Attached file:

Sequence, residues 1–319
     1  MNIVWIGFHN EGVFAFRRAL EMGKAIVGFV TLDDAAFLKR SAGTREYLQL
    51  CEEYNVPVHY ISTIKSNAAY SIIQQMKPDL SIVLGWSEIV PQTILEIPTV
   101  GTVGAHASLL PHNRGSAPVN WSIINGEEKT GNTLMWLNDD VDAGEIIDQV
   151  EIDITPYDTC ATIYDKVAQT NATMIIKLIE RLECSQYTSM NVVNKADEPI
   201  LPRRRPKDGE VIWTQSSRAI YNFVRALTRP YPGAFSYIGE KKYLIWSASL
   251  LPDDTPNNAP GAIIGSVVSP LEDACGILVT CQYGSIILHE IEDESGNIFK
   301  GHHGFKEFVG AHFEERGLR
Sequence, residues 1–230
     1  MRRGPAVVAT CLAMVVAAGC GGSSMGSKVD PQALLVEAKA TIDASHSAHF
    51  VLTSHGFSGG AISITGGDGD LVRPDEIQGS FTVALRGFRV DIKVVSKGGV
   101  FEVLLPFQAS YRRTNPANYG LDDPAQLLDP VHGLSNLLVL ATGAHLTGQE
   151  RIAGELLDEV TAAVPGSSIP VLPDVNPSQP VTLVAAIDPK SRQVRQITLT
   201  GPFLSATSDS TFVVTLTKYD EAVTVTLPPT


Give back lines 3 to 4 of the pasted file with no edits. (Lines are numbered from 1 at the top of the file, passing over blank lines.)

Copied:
    51  CEEYNVPVHY ISTIKSNAAY SIIQQMKPDL SIVLGWSEIV PQTILEIPTV
   101  GTVGAHASLL PHNRGSAPVN WSIINGEEKT GNTLMWLNDD VDAGEIIDQV